The college now offers a two-year associate in applied science (AAS) degree in nursing. The nursing courses include direct patient care that is planned and supervised by a faculty member with expertise in a particular nursing area. One of the strengths of the program is its clinical component which combines the theory learned in class with actual nursing practice, allowing for immediate transfer and application and knowledge. The college also offers an evening/weekend-nursing program to the weekday program. It is designed to meet the needs of the adult student who is unable to attend classes during the weekday hours. The college has graduated over 3,000 men and women.

The college is accredited by the Middle States Commission on Higher Education and is affiliated with the State University of New York Institute of Technology.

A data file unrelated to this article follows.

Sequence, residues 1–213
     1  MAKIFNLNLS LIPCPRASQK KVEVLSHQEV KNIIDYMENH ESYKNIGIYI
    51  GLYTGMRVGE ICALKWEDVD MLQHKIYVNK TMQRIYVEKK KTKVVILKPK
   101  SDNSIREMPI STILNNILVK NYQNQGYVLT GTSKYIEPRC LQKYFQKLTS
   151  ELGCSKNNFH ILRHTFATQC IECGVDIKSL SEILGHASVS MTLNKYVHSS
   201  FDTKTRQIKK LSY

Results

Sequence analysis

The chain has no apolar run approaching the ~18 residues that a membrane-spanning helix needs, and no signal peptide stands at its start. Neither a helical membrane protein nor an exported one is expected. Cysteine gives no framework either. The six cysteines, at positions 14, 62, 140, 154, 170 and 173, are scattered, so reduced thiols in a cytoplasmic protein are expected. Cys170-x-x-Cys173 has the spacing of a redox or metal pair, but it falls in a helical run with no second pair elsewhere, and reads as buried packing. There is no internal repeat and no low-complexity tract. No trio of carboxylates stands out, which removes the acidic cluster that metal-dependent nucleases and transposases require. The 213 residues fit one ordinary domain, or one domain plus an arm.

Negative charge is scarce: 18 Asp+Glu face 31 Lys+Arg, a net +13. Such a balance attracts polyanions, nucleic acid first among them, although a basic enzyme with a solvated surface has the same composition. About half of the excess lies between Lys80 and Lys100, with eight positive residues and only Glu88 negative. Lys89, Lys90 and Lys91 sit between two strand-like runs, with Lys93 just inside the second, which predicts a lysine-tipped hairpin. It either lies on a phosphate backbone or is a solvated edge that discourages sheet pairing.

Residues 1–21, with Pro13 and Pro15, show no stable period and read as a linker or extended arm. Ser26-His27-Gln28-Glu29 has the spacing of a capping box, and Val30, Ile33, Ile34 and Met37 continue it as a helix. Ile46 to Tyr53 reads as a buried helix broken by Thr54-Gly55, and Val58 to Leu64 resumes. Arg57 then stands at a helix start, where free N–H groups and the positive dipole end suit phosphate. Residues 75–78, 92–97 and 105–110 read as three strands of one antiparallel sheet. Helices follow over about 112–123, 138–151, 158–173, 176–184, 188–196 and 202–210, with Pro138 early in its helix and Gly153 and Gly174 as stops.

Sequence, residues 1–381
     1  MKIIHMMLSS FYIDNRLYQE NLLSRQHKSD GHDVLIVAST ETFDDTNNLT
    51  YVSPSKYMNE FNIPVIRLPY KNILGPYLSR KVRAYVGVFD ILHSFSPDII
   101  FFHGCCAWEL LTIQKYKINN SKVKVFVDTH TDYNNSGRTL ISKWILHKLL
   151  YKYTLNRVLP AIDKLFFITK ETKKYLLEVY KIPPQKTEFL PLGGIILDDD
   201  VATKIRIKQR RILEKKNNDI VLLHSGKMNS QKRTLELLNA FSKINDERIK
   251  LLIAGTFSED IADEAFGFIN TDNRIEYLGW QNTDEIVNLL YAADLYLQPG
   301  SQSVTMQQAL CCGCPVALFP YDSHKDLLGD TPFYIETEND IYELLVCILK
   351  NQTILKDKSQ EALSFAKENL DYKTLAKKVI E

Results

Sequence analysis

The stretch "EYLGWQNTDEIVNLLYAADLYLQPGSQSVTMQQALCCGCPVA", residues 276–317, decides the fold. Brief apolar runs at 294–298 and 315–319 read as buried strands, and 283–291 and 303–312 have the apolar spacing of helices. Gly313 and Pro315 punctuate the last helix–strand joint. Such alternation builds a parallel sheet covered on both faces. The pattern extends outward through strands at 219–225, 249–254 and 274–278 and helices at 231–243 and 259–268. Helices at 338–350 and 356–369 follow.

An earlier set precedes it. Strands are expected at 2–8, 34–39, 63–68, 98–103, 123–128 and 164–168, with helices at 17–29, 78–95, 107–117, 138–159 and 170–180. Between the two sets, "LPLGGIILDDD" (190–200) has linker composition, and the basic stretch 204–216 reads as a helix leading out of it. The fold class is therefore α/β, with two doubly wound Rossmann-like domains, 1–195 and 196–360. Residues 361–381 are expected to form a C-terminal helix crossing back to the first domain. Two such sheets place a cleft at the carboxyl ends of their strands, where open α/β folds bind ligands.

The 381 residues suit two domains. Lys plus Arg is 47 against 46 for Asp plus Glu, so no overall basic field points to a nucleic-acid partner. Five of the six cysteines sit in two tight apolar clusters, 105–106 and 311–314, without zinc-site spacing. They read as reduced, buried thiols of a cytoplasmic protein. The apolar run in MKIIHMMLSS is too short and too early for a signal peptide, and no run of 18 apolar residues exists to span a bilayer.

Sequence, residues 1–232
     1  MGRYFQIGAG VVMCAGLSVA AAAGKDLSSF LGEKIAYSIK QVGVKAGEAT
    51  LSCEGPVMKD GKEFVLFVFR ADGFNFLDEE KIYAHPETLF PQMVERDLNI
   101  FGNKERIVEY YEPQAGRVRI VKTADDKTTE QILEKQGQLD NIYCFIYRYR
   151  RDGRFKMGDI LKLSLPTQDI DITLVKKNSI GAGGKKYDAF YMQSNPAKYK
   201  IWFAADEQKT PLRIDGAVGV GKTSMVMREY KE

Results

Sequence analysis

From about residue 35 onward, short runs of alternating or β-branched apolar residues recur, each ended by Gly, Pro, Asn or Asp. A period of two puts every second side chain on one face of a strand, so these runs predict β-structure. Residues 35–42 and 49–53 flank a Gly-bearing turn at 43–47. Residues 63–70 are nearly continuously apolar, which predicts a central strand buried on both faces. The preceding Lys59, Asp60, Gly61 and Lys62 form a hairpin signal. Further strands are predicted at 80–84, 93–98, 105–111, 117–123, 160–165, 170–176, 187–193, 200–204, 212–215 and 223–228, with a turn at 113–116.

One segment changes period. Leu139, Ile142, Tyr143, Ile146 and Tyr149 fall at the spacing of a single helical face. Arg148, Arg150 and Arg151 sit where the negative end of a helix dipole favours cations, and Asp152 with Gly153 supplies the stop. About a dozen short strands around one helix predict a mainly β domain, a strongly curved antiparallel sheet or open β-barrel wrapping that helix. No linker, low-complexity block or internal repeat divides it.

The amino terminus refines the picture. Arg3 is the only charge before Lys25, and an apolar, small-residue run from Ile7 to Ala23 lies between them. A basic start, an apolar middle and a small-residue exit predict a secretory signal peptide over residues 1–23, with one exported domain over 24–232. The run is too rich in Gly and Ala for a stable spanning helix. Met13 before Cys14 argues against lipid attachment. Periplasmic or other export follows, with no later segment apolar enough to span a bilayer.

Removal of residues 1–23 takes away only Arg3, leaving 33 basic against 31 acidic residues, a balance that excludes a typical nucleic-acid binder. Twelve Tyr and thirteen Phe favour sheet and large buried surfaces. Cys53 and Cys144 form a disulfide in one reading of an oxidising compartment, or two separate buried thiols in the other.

Marianne Monahan, MS, RN, president of the St. Elizabeth Hospital School of Nursing, said that the education received at the school is highquality. “We are the first hospital-based college of nursing to be credited by the Middle States Commission on Higher Education in the Northeast,” said Monahan.

Monahan said there are a number of ways that make the education at the school exceptionally outstanding. The curriculum has a strong clinical component. “The students are involved in clinical experiences from the very beginning,” said Monahan.

Monahan also credited the school’s faculty as a factor in the high caliber of education received at the school. “We have an excellent faculty,” she said. “Many are long-term staff and I consider them experts in the field of education.” Monahan noted that a high percentage of nursing students pass their licensing exam on their first try and that many students go on to work as nurses at St. Elizabeth Medical Center.